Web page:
However, this creates the next challenge, which is who supplies the dongle and how do you use the data transmitted from the vehicle? Today, these two points are typically answered by partnering with one of the dongle providers, which are increasingly often, one of the diagnostic tool providers. This also brings new business models and service offers to your customer, allowing you to monitor their vehicle remotely and offering the peace of mind that if a fault is developing, you can contact them and let them know before a breakdown occurs – or equally, let them know when the next service is needed.
There are also other significant advantages to accessing the vehicle data remotely. Being able to identify what is potentially wrong with the vehicle before it comes to your workshop allows you to plan what resources and spare parts are needed before the vehicle arrives. This can reduce your workshop time by up to 50%. As this is what the vehicle manufacturers are doing, it is vital that you are also able to do so to remain competitive. If you need further proof of how this is already being offered by the vehicle manufacturers, search the internet for ‘telematics services’ and see what is already on offer, or what will come in the very near future. This trend is being driven by the mandatory fitment of the eCall safety alert system, which brings telematics systems into all new vehicle models entering the market, and with it, telematics services from the vehicle manufacturer.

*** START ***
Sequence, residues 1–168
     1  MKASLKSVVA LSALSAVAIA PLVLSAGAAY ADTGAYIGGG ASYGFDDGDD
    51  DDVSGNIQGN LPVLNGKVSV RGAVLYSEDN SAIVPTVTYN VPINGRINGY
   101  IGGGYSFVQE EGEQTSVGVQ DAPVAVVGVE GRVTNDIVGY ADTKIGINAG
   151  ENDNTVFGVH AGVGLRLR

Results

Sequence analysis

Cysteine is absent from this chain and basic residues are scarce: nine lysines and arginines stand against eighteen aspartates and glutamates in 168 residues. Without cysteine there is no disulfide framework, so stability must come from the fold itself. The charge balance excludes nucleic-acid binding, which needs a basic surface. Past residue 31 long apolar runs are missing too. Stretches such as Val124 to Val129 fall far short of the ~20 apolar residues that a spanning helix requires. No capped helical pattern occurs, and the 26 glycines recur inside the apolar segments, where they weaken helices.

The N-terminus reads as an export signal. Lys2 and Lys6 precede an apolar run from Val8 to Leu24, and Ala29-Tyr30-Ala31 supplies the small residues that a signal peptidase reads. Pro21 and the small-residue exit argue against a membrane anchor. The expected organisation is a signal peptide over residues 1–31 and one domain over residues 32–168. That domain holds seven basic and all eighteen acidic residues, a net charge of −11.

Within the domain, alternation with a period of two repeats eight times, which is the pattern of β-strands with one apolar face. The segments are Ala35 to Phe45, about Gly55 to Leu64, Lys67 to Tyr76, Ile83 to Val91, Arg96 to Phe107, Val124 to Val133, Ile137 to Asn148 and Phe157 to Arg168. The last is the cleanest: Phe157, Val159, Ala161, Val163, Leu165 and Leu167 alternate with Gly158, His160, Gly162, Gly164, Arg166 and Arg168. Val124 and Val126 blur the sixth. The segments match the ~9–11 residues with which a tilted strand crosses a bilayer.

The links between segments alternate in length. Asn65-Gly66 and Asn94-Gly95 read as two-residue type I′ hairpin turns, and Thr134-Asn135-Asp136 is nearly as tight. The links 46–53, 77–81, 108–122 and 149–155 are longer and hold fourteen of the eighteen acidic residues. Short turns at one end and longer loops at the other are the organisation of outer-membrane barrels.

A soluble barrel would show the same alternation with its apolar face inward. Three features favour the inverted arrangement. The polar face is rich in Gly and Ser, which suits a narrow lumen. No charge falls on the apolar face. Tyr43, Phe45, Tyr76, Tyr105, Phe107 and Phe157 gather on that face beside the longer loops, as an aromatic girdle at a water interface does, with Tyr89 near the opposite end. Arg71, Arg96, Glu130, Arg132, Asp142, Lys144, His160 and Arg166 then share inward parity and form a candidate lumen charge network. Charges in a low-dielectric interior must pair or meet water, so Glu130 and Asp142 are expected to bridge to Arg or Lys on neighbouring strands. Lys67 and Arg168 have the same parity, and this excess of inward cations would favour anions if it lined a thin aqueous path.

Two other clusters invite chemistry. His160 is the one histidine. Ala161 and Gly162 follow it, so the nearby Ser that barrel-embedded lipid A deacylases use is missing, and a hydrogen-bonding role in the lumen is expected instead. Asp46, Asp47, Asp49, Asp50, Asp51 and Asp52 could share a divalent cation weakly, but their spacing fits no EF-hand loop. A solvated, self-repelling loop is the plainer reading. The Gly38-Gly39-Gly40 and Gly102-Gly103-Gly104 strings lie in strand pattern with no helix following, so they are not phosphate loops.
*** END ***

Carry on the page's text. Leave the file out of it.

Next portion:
On a more positive note, another benefit to your workshop from the ‘internet of things’ will be the ability to enrich your services by sharing or trading data with other service providers, either to offer better services to your customers, or to optimise the way that you have ‘just in time’ access to technical information, remote diagnostic support or advance ordering of spare parts to streamline your workshop activities. Furthermore, your existing workshop equipment is already becoming part of the ‘internet of things’, as remote connection to the equipment manufacturers allows them to monitor its use and avoid breakdowns, or better schedule servicing and calibration requirements.
The vehicle manufacturers’ control of access to the vehicle, its data and the consumer is already changing their business models into exploiting the aftermarket via new digital services. In their eyes, manufacturing the vehicle is no longer their primary source of profit, and the vehicle is now viewed as the data generator that supports a whole new range of opportunities in this digital world. As they control the access to the vehicle, its data and the consumer, they control the complete aftermarket value chain.
The aftermarket needs the support of the legislator to ensure that undistorted competition can continue, but this is far from certain. Our world is changing and our fight to be able to move our business models into the digital era is one revolution that we must be part of.